ods output coef=coeffs;
lsmestimate Black*Male "Diff in Diff LogOdds" 1 -1 -1 1 / elsm;
run;
```

I think I understand that even though the odds ratio for each of the differences is distinct, the difference of differences is the same for each possible comparison, which is also equivalent to the estimate and p-value for the interaction term itself. For example, the outcome is 1.186x more likely for Black males compared to White males, and the outcome is 0.893x less likely for Black females compared to White females. The difference in these differences is 0.2839, and is statistically significant. Also, the outcome is 1.223x more likely for Black males compared to Black females, and the outcome is 0.921x less likely for White males compared to White females. As above, the difference in these differences is *also* 0.2839, and is statistically significant. Have I got this correct?

Building upon the above, I would also like to analyze a three-way interaction and compare the difference in odds ratios for specific combinations of the interaction. Does the same logic as above hold true in a three-way interaction? i.e., the interpretation of the odds ratios for each of the differences is distinct, but the ratio of each possible comparison (difference in differences) is the same, and is also equivalent to the estimate and p-value for the interaction term itself. Is that correct?

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The difference in difference is only defined for four groups as from an interaction of two binary variables. A three-way interaction of three binary variables, for instance, defines eight groups, so I'm not sure what function of those groups you would compare to the interaction parameter. But what matters here is that you can use the LSMESTIMATE statement to estimate any linear function of group log odds. So, you can always get what is needed with that statement regardless of any correspondence there might be with the model parameters.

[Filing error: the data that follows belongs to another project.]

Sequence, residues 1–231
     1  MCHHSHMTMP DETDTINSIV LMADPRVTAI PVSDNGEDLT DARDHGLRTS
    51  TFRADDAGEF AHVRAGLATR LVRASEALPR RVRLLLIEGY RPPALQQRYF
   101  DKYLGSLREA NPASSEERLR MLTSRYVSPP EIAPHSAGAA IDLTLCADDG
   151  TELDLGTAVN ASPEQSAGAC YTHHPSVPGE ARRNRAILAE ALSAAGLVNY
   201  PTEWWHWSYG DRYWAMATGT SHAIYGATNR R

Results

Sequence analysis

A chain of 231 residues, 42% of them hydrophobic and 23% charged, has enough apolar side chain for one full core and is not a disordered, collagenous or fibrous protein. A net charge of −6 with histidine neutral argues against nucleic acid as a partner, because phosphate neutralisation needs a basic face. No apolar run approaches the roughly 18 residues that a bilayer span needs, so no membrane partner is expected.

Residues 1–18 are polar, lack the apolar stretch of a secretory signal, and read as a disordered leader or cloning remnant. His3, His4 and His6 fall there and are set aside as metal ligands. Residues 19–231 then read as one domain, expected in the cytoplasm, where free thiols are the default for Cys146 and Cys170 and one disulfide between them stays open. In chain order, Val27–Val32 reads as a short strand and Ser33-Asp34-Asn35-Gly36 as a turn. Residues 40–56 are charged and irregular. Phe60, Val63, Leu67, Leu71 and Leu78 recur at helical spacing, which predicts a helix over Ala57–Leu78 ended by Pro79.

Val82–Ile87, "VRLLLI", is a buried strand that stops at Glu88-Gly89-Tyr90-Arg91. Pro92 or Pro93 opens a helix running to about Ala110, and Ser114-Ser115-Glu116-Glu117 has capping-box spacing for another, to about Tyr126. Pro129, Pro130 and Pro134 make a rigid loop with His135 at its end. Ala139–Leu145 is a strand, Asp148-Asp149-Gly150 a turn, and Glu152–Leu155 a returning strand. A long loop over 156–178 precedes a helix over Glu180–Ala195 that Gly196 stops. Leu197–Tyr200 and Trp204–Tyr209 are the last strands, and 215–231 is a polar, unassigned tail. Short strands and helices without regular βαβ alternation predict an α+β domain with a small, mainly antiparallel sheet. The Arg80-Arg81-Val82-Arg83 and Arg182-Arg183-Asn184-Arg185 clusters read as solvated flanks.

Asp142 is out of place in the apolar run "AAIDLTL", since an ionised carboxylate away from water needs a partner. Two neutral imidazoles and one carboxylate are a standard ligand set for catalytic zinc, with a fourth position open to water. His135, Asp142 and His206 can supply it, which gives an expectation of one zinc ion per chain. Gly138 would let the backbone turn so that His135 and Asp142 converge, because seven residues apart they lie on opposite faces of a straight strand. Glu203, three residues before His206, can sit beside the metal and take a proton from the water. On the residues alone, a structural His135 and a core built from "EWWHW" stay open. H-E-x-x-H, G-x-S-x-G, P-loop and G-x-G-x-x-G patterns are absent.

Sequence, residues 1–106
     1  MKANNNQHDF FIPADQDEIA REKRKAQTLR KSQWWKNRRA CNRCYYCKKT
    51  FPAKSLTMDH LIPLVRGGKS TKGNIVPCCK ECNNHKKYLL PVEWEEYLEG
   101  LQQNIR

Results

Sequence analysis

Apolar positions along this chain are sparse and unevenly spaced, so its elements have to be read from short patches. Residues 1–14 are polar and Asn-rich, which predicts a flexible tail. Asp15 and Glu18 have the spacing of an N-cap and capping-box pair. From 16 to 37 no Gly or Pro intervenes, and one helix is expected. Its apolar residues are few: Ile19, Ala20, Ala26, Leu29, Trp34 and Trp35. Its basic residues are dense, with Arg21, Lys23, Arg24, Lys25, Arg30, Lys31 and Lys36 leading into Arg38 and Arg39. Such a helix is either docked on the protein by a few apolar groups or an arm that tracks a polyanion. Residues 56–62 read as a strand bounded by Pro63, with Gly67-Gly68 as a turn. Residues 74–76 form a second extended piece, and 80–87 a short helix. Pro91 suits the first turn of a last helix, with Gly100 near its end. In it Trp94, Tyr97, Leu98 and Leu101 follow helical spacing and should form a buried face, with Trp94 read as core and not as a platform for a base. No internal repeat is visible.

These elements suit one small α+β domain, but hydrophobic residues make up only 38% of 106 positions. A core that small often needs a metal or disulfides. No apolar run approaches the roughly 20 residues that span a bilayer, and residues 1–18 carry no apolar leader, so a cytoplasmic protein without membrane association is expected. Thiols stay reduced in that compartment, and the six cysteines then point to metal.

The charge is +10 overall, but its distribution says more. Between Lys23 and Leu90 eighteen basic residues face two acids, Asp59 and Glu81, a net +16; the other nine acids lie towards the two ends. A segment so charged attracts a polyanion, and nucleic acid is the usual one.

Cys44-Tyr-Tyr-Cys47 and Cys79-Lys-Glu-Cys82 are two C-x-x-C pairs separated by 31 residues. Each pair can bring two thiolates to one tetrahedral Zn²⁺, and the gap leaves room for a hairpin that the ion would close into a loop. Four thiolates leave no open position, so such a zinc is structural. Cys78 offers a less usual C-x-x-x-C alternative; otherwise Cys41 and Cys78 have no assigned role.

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For a three-way interaction, because I would be using LSMESTIMATE to compare only a portion of the possible comparisons, am I correct that the results from LSMESTIMATE will NOT be equivalent to the estimate and significance of the interaction term itself, as they were for the two-way interaction example discussed above?

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Whether for the four groups (predictor level combinations) in a two-way interaction of binary predictors, or the eight groups in a three-way interaction, each group has an odds or log odds. It does not have an odds ratio. An odds ratio or log odds ratio compares the odds (or log odds) of exactly two of the groups. If you are saying that you want to compare pairs of the groups, then this is simply done using the LSMEANS statement like the following which will provide the odds ratio and log odds ratio for each pairwise comparison of the groups defined by the a*b*c interaction.

```
lsmeans a*b*c / ilink diff oddsratio cl;
```

Since there will be several odds ratio estimates (28 pairwise comparisons for 8 groups) it is obviously not possible for these to all match the three-way interaction parameter estimate. In the case of the difference in difference, we used the LSMESTIMATE statement to estimate a single function of the four groups which is equivalent to the definition of the interaction, so the estimate and p-value of that single estimate is the same as the parameter estimate and p-value of the two-way interaction parameter.